I say the same thing about unit tests -- when you're modifying code, that is a good time to write unit tests for the code you're going to be modifying. There is really no point in writing unit tests for code already running in the field -- if it's running, it is probably working, and your time is better spent writing new code (and unit tests along with the new code).


    You are bad and should feel bad. Unit tests on already working code is useful because it documents the fact that the code works. The idea is that when you modify a piece of code with unforeseen and unexpected side-effects on another piece of code, having a unit test will catch the breaking of the code that you assumed would be working correctly. This makes things much easier to debug because you don't have to wait until some user runs into the broken code 3 months down the line and then have to spend forever trying to figure out why it broke.

    AKA "regression testing", which is the primary reason to have unit tests in the first place. From his comment, I'm not sure DrPepper understands the point of unit testing at all.



  • @morbiuswilters said:

    @Snooder said:

    @DrPepper said:



    I say the same thing about unit tests -- when you're modifying code, that is a good time to write unit tests for the code you're going to be modifying. There is really no point in writing unit tests for code already running in the field -- if it's running, it is probably working, and your time is better spent writing new code (and unit tests along with the new code).


    You are bad and should feel bad. Unit tests on already working code is useful because it documents the fact that the code works. The idea is that when you modify a piece of code with unforeseen and unexpected side-effects on another piece of code, having a unit test will catch the breaking of the code that you assumed would be working correctly. This makes things much easier to debug because you don't have to wait until some user runs into the broken code 3 months down the line and then have to spend forever trying to figure out why it broke.

    AKA "regression testing", which is the primary reason to have unit tests in the first place. From his comment, I'm not sure DrPepper understands the point of unit testing at all.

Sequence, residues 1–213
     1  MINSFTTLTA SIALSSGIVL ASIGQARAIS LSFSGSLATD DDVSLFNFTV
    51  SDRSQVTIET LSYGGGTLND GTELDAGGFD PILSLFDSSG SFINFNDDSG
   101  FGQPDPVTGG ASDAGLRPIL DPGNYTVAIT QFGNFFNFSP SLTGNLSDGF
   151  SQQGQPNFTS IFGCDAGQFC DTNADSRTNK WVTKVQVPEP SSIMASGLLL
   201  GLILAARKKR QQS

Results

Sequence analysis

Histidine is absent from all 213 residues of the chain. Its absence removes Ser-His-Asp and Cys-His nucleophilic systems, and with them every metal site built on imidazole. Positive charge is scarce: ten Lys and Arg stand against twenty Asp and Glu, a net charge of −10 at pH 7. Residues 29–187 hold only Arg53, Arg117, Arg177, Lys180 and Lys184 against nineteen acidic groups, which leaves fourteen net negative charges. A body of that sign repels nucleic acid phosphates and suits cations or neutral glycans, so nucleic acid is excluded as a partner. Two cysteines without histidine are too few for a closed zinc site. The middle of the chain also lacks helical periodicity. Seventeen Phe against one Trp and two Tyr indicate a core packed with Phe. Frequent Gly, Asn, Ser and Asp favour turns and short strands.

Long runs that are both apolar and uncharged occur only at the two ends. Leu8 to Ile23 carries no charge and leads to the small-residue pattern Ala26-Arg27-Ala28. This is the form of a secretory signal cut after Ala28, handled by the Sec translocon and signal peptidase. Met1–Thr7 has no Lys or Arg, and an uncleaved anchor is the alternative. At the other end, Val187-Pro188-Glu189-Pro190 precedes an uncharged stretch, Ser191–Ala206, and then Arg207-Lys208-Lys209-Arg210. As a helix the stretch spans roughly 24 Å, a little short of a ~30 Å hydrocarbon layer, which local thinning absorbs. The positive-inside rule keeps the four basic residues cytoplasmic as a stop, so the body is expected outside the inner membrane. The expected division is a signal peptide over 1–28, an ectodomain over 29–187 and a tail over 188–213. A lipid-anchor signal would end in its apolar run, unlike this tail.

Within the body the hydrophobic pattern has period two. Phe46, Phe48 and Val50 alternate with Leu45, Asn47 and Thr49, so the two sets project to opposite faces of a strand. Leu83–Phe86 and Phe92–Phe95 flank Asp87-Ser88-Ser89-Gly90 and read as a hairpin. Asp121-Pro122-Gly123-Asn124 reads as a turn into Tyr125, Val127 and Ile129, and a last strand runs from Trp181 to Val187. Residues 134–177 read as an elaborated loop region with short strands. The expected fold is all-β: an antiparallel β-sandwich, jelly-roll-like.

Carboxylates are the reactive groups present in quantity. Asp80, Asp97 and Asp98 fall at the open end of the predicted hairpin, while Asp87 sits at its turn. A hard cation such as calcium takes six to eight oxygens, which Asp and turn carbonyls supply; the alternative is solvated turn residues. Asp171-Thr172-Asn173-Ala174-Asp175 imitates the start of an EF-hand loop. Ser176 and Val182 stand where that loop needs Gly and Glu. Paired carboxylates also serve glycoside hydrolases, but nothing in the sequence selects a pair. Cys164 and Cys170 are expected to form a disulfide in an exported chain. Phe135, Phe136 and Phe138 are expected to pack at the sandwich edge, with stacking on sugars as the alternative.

I disagree. Unit tests are not convenient for system-wide modifications; you need integration tests for that. So if you inherit a code base that has not unit tests, time is better spent grouping things in modules based on what interfaces what, and build integration tests for those. In the end it does not matter if some utility class in the ShoppingCart namespace works with bound values or not; what matter is that things that talk to the ShoppingCart will not break or corrupt business logic when you change something on either side.



    Unit tests are mostly a build thing; they are great for a gated check-ins or to move things from one column to the other in a kanban but that's not a reason to go back and inject some if the previous people did not bother writing them.



  • @Ronald said:

    I disagree.

    Well that makes you wrong. I would have thought you'd have this figured out by now..

    @Ronald said:

    Unit tests are not convenient for system-wide modifications; you need integration tests for that.

    I don't even.. I didn't say you don't need integration tests, I said that unit tests are good for catching bugs.

    @Ronald said:

    In the end it does not matter if some utility class in the ShoppingCart namespace works with bound values or not; what matter is that things that talk to the ShoppingCart will not break or corrupt business logic when you change something on either side.